Life cycle assessment of pharmaceutical and clinical packaging required for medication administration practices

Julian Baehr, Laura Göllner-Völker, Michael Baehr, Hariharan Muthukumar, Nuno Lapa, Liselotte Schebek

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Purpose: Digital closed-loop medication administration (CLMA) is a prime example of how digitalization in healthcare can reduce time and costs while simultaneously increasing patient safety. However, in contrast to its social and economic benefits, associated environmental impacts have never been investigated. Since the required amount of packaging material is seen as a major subject of criticism, we assess associated environmental burdens using life cycle assessment (LCA) methodology to identify hotspots and provide adaptation recommendations. Methods: Digital, as well as conventional paper-based medication management (PBMM), involve two types of packaging: pharmaceutical packaging (blisters or bottles), containing purchased medication, and clinical packaging (unit doses or medical dispensers) for medication dispensation. Therefore, a cradle-to-grave life cycle model was established comparing impacts at pharmaceutical packaging level, clinical packaging level, and a combined level. While PBMM requires small, blistered boxes, CLMA requires large, bottled packages. Therefore, the functional unit allows to compare different box sizes but inhibits comparing medication from different manufacturers. Primary data is obtained from University Medical Centre Hamburg-Eppendorf which practices state-of-the-art CLMA. PBMM data is obtained in three dispenser scenarios, varying the reusability of medical dispensers. The life cycle impact assessment was performed for five impact categories using CML 2001(2016) method. Results and discussion: All compared blistered pharmaceutical packaging options yield higher impacts than their bottled counterparts. Cardboard and package inserts result in up to 40 times higher impacts for blisters than for bottles, which, however, is attributed to the methodology of comparing different box sizes. Yet, this does not influence the required amount of blister laminate. All blister materials were found to result in higher environmental burdens, peaking in nearly 240 times higher ozone depletion impacts for polyvinylchloride/polychlorotrifluoroethylene blisters. In terms of clinical packaging, two of three dispenser scenarios result in higher environmental burdens than the respective unit dose scenario. Only if reused, 7.2 times this trend is reversed. When combining selected impacts from both pharmaceutical and clinical impacts, all three dispenser scenarios perform worse than the unit dose scenario. Conclusions: Packaging impacts are lowest if unit dose dispensation is combined with bottled pharmaceutical packaging. Given a specific pharmaceutical packaging, dispensation via medical dispensers may perform better, if they are comprehensively reused. With this study, the authors disproved that packaging impacts are generally higher for CLMA than for PBMM. However, both systems certainly comprise other processes and materials like consumed paper or energy to run required digital infrastructure, which should be subject to future studies.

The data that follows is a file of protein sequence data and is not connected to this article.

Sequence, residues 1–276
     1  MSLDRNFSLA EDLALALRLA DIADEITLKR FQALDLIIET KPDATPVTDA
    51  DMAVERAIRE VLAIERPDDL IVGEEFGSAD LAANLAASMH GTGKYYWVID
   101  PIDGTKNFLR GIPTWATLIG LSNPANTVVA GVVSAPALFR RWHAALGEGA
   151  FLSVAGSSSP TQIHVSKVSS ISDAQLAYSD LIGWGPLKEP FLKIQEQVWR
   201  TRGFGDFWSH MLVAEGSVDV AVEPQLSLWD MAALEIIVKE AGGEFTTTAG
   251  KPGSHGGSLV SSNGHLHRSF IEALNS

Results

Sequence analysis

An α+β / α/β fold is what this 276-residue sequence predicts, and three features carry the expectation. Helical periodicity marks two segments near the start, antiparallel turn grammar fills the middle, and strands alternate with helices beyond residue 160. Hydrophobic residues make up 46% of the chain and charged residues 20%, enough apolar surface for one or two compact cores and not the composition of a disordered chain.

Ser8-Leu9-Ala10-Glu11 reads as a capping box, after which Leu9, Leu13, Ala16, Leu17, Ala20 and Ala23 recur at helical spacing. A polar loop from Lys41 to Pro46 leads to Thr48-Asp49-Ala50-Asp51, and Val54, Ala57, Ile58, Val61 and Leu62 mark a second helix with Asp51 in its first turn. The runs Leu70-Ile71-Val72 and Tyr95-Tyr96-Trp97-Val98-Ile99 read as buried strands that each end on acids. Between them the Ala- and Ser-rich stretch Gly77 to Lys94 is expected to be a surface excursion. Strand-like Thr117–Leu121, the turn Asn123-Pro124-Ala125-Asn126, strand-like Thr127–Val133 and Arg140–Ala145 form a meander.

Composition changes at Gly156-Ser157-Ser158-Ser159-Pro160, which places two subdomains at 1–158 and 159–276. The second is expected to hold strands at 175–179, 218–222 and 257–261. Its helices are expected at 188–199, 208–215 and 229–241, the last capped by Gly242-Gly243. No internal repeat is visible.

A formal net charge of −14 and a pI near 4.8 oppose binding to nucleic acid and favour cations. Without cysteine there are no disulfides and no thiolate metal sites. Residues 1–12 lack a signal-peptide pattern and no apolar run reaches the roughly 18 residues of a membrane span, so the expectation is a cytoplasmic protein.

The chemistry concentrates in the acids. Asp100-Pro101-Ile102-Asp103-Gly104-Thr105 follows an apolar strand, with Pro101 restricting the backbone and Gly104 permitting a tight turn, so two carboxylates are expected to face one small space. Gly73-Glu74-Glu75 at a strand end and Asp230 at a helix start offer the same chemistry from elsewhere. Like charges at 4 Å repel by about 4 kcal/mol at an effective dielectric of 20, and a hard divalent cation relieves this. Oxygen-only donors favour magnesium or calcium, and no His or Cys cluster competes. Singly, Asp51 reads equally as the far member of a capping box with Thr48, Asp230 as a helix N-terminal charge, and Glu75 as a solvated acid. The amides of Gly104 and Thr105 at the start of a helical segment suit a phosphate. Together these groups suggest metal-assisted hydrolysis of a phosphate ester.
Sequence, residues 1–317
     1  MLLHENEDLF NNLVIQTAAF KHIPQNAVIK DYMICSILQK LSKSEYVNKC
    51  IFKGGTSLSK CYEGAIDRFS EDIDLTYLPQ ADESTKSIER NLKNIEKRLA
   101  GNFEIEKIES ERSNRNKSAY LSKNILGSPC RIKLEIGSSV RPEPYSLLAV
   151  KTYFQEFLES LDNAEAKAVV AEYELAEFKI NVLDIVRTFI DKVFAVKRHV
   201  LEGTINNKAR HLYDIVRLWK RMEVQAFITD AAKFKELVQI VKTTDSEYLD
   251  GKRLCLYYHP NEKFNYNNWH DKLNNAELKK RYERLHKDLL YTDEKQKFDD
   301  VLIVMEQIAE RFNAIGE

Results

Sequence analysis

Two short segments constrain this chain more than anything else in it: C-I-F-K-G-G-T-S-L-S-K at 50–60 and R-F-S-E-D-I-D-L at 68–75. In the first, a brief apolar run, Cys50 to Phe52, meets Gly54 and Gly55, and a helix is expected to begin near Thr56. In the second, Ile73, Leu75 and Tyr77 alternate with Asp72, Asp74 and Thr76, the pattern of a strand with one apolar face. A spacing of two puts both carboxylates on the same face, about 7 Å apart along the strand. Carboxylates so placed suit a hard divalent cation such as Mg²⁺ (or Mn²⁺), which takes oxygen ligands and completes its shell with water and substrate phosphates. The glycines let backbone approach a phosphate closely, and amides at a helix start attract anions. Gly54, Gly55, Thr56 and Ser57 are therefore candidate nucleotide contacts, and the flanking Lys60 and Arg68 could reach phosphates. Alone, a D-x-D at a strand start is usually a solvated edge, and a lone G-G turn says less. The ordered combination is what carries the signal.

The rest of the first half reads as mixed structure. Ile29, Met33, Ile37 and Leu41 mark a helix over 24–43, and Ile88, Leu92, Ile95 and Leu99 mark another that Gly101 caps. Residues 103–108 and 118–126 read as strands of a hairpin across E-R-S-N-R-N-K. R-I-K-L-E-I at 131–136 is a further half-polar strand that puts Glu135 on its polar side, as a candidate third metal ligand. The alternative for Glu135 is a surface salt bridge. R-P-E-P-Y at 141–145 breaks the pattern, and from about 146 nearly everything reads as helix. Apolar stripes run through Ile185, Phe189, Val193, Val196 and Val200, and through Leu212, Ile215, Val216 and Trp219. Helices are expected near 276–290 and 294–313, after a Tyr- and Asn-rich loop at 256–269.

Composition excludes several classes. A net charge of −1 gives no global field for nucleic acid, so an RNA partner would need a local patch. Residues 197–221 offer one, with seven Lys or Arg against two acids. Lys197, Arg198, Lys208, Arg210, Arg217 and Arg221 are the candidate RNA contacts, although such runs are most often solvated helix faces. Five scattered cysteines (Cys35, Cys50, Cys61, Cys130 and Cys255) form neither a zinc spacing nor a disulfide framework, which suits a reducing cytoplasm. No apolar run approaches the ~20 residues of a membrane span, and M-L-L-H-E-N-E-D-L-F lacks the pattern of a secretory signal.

Original languageEnglish
Pages (from-to)416-432
Number of pages17
JournalInternational Journal Of Life Cycle Assessment
Issue number3
Publication statusPublished - Mar 2024


  • Blister
  • Bottle
  • Closed-loop medication administration
  • Dispenser
  • LCA
  • Pharmaceutical packaging
  • Unit dose


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